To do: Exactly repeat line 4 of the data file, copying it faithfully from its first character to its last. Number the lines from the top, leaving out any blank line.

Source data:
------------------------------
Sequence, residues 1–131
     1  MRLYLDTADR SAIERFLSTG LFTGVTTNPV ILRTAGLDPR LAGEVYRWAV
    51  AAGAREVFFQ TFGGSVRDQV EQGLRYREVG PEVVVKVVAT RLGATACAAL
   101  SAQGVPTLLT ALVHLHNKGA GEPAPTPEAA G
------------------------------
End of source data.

   101  SAQGVPTLLT ALVHLHNKGA GEPAPTPEAA G